• again: always keep something to write on and something to write with at hand. 
        • once a week, compile ideas written in your various notebooks
        • reserve the duds
        • group the rest into categories
          • i use multi-subject notebooks and highlighters for this
          • be sure to start planning for what types of photos and other media you'd like to use for your post ideas
          • also make notes about how you plan to promote those posts
    • how not to quit
      • grouping posts together for series
        • blog post series work well to grow your new blog for several reasons: 
        • they're easier to sell to potential advertisers or sponsors than individual, stand-alone posts
        • as long as the posts are connected via links between the posts and in relevant areas of your site, they drive traffic
        • they build what are called deep links, or links you give yourself on your own website to older or related content
          • this also helps with SEO and traffic building, and for building a more loyal readership base
        • plus, they're good for branding, for establishing you, the blogger, as an expert in your field
    • how not to quit
      • deciding on a positing schedule:
        • the key: it doesn't matter how often so much as that you're consistent with whatever schedule you establish at the get-go
          • daily is best for building traffic, but it's not necessary to build a loyal following
    • how not to quit
      • the editorial calendar
        • not only will an editorial calendar keep you, the blogger, organized, but it will also make you more marketable to potential sponsors and advertisers. 
        • plus, you'll never want for a blog post idea again. you've already done the creative thinking; the calendar tells you what to write about each day. 
        • an editorial calendar will also improve your coverage, since anything that crosses your path that could add to a blog post or series you know is approaching on your calendar can be saved and utilized rather than lost in a pile of links on your Google Reader
    • how not to quit
      • Free/low-cost/high-tech, low-tech tools for building your editorial calendar: 
        • Google calendar
        • The calendar plug-in on Wordpress
        • multi-subject notebooks
        • desk calendars
    • how not to quit
      • bottom line: do what feels right for you.
      • as long as what feels right for you isn't sitting on your haunches not posting all day long. 
    • any questions?
    • measuring your success
      • reasons why your blog statistics are more than just how many hits you got yesterday:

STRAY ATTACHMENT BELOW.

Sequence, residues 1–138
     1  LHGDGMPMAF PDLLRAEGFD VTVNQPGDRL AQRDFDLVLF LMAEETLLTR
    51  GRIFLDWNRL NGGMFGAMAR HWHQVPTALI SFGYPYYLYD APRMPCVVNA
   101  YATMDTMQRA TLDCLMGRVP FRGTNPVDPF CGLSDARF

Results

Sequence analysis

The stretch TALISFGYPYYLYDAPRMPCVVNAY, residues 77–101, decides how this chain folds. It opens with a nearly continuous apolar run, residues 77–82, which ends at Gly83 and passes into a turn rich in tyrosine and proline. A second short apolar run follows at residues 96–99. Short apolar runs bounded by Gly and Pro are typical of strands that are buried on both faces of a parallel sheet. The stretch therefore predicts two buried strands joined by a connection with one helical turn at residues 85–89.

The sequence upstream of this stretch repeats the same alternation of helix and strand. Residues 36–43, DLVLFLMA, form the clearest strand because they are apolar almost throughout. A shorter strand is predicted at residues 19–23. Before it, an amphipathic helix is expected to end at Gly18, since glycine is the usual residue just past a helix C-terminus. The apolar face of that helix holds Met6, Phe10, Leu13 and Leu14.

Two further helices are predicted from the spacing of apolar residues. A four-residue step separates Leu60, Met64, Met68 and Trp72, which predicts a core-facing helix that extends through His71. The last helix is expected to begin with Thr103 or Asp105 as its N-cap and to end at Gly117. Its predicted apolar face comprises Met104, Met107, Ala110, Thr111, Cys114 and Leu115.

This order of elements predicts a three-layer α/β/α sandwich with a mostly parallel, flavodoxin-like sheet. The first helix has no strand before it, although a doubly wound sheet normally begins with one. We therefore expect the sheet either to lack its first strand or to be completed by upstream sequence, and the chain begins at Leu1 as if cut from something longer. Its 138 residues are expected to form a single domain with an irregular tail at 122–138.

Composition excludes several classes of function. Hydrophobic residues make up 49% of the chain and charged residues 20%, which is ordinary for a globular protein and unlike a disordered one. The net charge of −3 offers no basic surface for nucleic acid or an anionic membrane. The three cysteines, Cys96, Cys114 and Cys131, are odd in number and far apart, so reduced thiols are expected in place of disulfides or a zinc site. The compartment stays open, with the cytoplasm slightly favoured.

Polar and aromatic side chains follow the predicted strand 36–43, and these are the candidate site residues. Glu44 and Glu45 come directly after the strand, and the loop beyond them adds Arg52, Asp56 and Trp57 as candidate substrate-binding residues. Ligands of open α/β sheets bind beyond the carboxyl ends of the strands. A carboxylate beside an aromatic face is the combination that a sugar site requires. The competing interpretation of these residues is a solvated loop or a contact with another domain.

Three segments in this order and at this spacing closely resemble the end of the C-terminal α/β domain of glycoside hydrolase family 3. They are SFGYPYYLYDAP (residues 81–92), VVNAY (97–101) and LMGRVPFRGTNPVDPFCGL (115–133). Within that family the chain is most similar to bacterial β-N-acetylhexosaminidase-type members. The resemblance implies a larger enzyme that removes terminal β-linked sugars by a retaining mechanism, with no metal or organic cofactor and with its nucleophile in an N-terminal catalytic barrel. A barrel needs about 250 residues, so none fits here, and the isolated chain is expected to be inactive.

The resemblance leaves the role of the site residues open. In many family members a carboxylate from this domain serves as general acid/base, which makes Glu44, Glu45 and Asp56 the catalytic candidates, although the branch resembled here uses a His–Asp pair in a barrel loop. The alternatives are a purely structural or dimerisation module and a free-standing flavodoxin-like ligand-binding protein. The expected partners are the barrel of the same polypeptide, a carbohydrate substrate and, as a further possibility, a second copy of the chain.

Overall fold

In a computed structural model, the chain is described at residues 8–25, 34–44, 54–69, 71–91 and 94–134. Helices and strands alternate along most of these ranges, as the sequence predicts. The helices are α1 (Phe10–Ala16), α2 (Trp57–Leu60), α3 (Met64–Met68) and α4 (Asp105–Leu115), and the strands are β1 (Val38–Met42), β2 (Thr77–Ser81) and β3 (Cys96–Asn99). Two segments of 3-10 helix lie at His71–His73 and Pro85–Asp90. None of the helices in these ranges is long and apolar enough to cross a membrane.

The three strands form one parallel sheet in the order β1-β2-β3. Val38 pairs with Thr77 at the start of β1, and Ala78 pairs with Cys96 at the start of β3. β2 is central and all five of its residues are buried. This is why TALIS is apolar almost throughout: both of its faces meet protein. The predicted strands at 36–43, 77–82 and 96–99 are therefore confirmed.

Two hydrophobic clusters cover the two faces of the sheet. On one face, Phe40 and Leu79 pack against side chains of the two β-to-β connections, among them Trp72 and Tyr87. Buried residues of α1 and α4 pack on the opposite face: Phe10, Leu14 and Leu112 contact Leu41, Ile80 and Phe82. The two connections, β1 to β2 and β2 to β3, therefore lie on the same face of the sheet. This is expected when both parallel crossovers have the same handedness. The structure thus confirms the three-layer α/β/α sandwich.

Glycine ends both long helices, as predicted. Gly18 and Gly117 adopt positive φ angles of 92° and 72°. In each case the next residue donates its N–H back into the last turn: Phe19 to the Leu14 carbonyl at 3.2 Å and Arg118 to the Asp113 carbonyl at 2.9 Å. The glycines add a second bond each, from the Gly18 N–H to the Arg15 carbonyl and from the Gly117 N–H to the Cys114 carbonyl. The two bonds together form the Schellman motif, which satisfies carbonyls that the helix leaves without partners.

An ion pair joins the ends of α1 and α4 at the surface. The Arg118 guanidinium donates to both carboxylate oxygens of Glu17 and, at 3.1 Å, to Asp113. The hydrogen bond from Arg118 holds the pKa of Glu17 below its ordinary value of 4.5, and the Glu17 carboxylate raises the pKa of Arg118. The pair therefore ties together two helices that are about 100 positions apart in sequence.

• free web-based analytics software can help you determine how many hits your got yesterday, yeah, but it can also tell you when, where and how they came to your site
        • analytics can be used to learn what your audience likes, when it likes it, where it likes it, and how
        • ultimately, once you learn to read and understand them, analytics and web stats give you the clues that point toward how to grow your  blog in a way that means community, not just traffic
        • plus, it's all free information to you and, depending on your platform, it's already hardwired into your blog
    • measuring your success
      • my fave free web-based analytics software resources: 
        • google analytics (detailed statistics)
        • statcounter (real-time statistics)
      • for your social media community
        • crowdbooster (which tweets were most effective, and when) 
        • klout (allows you to compare your influence on social media to those of others)
    • measuring your success
      • top parameters you'd like to meet: 
        • a high percentage of returning visitors: 50 percent or more
        • high-quality inbound links from well-regarded sites, especially if they're related to yours by topic
        • a bounce rate below 70 percent
        • three or more pages per visit
        • the time readers spend on your site = two minutes or longer
    • measuring your success
      • case study: how to use web analytics information to build returning visitors and increase profitability for a site
        • holiday content on tashadoestulsa.com, do what at this land press
        • track record of statistical success on halloween-related posts, as shown by free analytics software
        • created series of posts on both sites, all of which were optimized for search-engine friendliness
        • coordinated those efforts with social media and traditional media outreach, including local radio and tv appearances relevant to halloween events and conversational posts about halloween on social networks that included a link to halloween-related posts
    • measuring your success
      • things to watch for: 
        • do your readers seem to flock to your site when you post about a certain topic? what can you do to continue to cover that topic in new and interesting ways, that add to the conversation? 
        • do your readers show up at your site at a certain time of day, week, month, year? figure out why and what it is your audience is looking for; then, make it available, front and center, and again the next time
        • does your social network go crazy when you start conversations on a certain topic? why should your facebook page or twitter stream be the end of the conversation? drive those interested in learning more to the discussion you create on your blog or website
        • make sure all successful posts are linked to more relevant information on your site
    • any questions?
    • thank you!
      • don't forget to: 
        • fill out instructor/class evaluation
        • sign form necessary for class certification, if desired
        • visit slideshare.net/tashadoestulsa before Monday morning to downtown the slideshow used in this class. 
          • (if you'd like to use the slideshow for purposes beyond your own personal use, feel free to contact me)
      • Find me: 
        • tashadoestulsa.com
        • dowhat.thislandpress.com
        • [email_address]